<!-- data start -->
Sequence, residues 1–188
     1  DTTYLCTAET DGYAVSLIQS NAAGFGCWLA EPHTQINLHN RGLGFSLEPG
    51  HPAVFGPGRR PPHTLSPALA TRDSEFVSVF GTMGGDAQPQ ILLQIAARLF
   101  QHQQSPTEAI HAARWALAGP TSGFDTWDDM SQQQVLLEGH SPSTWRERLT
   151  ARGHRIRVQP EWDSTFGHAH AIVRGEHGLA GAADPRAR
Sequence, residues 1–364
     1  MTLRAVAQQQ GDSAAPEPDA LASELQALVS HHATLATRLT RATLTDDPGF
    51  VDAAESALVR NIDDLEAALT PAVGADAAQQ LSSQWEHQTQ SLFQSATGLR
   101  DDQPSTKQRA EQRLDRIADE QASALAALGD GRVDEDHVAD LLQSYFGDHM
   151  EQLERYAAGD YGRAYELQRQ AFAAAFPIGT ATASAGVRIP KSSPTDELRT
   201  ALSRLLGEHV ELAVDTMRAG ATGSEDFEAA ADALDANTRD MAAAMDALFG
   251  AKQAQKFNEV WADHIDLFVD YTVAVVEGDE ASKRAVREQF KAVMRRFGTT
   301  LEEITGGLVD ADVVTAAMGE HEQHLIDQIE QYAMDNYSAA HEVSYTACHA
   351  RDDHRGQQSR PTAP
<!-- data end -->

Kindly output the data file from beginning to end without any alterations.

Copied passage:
Sequence, residues 1–188
     1  DTTYLCTAET DGYAVSLIQS NAAGFGCWLA EPHTQINLHN RGLGFSLEPG
    51  HPAVFGPGRR PPHTLSPALA TRDSEFVSVF GTMGGDAQPQ ILLQIAARLF
   101  QHQQSPTEAI HAARWALAGP TSGFDTWDDM SQQQVLLEGH SPSTWRERLT
   151  ARGHRIRVQP EWDSTFGHAH AIVRGEHGLA GAADPRAR
Sequence, residues 1–364
     1  MTLRAVAQQQ GDSAAPEPDA LASELQALVS HHATLATRLT RATLTDDPGF
    51  VDAAESALVR NIDDLEAALT PAVGADAAQQ LSSQWEHQTQ SLFQSATGLR
   101  DDQPSTKQRA EQRLDRIADE QASALAALGD GRVDEDHVAD LLQSYFGDHM
   151  EQLERYAAGD YGRAYELQRQ AFAAAFPIGT ATASAGVRIP KSSPTDELRT
   201  ALSRLLGEHV ELAVDTMRAG ATGSEDFEAA ADALDANTRD MAAAMDALFG
   251  AKQAQKFNEV WADHIDLFVD YTVAVVEGDE ASKRAVREQF KAVMRRFGTT
   301  LEEITGGLVD ADVVTAAMGE HEQHLIDQIE QYAMDNYSAA HEVSYTACHA
   351  RDDHRGQQSR PTAP